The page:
A new method for making deepfakes creates realistic face-swapped videos in real-time, no lengthy training needed. Unlike previous approaches to making deepfakes—algorithmically-generated videos that make it seem like someone is doing or saying something they didn’t in real life—this method works on any two people without any specific training on their faces. Most of the deepfakes that are shared online are created by feeding an algorithm hundreds or thousands of images of a specific face. The algorithm "trains" on that specific face so it can swap it into the target video. This can take hours or days even with access to expensive hardware, and even longer with consumer-grade PC components. A program that doesn’t need to be trained on each new target is another leap forward in making realistic deepfakes quicker and easier to create. [...] On their project website, the researchers say that the project code will eventually be available on GitHub...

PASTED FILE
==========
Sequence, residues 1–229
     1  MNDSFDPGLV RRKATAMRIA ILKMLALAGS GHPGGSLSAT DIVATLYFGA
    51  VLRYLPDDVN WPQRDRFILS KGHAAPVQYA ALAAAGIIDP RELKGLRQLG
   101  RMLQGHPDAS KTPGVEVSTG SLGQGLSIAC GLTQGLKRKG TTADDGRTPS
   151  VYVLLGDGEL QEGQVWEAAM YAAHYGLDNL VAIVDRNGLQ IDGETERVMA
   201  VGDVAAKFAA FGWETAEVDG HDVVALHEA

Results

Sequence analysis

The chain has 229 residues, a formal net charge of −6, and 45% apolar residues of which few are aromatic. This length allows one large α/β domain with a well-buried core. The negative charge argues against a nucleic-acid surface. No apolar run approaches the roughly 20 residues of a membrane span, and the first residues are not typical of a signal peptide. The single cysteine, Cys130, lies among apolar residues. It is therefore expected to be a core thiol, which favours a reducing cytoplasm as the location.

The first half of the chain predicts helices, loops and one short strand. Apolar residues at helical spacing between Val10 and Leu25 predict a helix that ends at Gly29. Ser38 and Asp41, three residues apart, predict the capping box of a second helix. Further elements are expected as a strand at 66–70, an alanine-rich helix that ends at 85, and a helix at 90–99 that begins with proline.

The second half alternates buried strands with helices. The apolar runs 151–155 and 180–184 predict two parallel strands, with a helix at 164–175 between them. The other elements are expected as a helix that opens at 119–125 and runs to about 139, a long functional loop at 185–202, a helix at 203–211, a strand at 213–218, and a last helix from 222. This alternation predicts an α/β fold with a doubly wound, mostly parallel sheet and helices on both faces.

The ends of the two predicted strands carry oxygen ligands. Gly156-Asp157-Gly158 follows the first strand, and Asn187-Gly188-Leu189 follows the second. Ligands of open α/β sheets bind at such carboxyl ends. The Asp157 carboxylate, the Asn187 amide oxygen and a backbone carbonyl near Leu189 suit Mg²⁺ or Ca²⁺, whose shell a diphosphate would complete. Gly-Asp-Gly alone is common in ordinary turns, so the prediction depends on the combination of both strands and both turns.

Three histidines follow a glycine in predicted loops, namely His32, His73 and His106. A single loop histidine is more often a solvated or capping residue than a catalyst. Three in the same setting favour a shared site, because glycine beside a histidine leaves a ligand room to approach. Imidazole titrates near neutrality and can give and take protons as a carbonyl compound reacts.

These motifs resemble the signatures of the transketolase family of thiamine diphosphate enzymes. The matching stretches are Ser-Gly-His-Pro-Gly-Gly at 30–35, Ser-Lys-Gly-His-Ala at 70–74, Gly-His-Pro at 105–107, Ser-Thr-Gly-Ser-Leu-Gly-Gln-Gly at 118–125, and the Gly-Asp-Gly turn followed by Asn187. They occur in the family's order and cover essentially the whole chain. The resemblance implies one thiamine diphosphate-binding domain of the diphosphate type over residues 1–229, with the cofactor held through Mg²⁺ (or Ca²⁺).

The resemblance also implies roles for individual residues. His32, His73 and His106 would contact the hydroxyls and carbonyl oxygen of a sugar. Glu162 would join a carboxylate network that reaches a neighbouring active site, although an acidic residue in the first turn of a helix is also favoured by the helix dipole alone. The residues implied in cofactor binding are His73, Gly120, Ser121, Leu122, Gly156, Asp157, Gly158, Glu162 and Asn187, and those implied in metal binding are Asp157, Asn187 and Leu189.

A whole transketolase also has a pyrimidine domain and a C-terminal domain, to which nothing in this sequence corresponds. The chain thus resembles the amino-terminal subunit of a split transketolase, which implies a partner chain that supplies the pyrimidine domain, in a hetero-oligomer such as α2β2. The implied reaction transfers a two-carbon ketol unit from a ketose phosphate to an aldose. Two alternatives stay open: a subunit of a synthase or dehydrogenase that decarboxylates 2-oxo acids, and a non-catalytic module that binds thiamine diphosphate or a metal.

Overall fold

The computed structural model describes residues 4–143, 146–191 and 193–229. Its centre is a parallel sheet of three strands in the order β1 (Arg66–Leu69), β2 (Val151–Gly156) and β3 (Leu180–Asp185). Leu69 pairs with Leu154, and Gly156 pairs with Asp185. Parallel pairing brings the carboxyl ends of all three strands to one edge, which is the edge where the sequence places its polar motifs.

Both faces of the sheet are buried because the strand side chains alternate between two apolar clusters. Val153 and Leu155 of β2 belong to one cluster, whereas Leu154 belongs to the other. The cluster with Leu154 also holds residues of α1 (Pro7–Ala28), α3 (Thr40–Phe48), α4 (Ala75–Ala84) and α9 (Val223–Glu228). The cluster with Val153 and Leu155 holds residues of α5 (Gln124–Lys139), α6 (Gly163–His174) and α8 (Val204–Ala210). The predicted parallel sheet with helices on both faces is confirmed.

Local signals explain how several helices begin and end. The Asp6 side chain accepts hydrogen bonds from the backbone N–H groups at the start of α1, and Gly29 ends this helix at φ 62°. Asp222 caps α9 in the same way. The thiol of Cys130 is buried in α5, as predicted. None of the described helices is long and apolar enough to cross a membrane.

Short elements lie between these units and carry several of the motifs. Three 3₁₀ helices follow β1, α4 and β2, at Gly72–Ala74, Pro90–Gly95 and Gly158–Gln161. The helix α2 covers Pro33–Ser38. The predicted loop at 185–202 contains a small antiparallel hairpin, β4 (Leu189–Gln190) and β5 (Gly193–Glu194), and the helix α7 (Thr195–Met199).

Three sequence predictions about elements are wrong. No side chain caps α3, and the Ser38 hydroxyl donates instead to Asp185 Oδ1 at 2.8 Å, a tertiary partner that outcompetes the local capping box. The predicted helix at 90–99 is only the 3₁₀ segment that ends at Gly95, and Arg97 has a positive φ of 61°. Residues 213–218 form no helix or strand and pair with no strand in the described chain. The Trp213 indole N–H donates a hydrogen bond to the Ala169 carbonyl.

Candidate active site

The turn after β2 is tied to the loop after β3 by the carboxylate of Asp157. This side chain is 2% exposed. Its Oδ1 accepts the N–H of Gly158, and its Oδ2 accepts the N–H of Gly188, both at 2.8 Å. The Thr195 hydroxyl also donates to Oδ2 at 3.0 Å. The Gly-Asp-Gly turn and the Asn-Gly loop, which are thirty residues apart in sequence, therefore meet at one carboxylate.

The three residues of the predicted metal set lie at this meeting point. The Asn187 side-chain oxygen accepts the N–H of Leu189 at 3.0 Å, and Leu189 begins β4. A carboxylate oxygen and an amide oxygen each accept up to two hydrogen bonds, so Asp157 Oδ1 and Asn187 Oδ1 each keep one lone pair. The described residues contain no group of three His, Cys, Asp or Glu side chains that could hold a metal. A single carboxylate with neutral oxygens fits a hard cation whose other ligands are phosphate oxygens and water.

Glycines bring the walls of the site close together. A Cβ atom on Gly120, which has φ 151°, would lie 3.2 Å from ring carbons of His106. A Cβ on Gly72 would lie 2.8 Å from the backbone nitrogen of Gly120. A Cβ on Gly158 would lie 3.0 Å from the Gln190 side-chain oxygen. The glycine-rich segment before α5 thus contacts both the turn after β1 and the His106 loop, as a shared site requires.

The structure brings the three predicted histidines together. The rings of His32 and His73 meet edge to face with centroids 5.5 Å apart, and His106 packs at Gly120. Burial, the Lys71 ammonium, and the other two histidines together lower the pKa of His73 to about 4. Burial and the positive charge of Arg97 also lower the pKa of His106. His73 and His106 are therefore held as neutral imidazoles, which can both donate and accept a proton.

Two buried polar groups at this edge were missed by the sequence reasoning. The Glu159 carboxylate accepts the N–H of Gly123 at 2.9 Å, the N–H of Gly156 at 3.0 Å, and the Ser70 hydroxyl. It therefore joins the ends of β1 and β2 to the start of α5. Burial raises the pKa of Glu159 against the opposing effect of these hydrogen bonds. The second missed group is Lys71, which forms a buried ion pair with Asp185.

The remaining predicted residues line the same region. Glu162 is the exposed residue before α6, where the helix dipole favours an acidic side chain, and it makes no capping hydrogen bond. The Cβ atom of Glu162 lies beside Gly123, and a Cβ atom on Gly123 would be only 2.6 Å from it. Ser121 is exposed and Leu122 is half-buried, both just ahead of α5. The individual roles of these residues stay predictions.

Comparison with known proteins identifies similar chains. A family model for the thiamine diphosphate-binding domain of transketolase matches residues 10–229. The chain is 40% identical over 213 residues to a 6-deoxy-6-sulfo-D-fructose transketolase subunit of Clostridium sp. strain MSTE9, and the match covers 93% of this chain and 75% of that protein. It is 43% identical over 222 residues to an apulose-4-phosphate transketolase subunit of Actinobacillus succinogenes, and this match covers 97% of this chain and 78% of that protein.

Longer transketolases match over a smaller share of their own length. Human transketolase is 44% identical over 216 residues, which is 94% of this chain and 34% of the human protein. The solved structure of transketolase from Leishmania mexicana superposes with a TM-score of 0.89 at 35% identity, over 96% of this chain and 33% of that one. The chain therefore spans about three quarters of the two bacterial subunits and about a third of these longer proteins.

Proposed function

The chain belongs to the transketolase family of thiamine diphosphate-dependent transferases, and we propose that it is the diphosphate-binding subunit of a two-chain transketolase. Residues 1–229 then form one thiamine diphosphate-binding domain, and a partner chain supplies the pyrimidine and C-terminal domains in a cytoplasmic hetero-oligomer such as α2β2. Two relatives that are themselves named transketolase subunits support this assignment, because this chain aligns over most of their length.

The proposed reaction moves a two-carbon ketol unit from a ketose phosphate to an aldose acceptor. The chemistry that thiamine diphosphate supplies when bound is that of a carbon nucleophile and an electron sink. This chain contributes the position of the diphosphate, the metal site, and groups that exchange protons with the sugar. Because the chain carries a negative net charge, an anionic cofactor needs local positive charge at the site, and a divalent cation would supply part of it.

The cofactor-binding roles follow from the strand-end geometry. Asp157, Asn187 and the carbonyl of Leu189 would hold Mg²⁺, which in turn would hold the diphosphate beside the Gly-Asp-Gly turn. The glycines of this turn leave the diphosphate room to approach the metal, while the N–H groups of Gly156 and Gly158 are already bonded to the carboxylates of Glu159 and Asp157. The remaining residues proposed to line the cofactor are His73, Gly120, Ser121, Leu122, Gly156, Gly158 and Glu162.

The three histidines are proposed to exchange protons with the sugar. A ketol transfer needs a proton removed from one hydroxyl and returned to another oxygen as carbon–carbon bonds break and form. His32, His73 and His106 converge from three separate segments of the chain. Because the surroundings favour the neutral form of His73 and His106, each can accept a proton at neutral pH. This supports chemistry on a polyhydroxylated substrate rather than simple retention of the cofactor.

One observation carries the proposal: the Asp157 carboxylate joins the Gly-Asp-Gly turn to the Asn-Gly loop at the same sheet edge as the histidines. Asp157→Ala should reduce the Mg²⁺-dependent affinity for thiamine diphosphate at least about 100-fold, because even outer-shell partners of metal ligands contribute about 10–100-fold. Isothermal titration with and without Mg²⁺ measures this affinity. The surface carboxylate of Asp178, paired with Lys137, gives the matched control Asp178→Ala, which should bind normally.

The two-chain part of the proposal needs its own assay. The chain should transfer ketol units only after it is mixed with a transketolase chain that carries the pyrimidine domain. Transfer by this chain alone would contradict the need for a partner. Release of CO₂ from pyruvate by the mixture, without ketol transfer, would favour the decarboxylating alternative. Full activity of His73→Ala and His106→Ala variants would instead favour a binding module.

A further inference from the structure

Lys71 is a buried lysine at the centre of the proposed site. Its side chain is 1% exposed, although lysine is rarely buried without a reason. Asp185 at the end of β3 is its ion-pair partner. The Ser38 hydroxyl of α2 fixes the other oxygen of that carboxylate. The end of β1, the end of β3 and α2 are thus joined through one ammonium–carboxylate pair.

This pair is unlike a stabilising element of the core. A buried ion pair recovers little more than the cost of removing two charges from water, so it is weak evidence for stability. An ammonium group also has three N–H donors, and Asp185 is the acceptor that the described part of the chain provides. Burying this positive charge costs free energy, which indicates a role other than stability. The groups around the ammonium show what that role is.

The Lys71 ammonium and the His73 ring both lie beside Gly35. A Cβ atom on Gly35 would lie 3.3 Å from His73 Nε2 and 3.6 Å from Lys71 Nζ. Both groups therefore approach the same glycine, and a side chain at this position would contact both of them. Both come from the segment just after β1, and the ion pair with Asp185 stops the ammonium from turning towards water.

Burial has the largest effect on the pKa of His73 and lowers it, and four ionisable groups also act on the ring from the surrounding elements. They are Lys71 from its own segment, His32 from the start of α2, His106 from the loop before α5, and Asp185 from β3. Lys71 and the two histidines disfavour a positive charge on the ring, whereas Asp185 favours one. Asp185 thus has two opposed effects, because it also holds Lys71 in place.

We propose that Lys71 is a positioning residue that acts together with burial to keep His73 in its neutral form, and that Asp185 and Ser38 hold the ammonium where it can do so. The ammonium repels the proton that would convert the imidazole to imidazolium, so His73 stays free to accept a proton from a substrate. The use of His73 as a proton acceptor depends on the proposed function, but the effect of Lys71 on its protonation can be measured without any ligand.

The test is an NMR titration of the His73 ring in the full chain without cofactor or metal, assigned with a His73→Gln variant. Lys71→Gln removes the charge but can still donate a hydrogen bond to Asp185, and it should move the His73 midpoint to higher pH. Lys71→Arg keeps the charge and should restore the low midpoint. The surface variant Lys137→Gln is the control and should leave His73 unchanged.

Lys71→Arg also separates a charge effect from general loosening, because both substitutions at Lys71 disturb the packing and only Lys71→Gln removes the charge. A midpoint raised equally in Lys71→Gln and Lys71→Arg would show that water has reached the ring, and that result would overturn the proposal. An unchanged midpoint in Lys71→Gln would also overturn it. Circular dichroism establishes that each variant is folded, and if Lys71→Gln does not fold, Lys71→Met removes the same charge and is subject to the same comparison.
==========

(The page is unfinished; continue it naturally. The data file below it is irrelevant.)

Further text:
• 5 Free and Open Source CRM Software

    We’re here to save you time by going over some of the most popular free and open source CRM solutions and when you should consider paid system...

  • A free/open tool for making XKCD-style "hand-drawn" charts

    Tim Qian, a "full stack developer and open source activist," has published chart.xkcd, a free/open tool that lets you create interactive, "hand-drawn" charts in the style of XKCD comics. It's pretty fabulous!

  • The Secret Source: Machine Learning and Open Source Come Together

    There was a time when banks and asset managers would dare not talk about their use of AI—and, specifically, machine learning—in public forums, as they either viewed it as taboo or they wanted to hide its power from competitors. The secret, though, is out of the black box.

  • How China became a hero in open source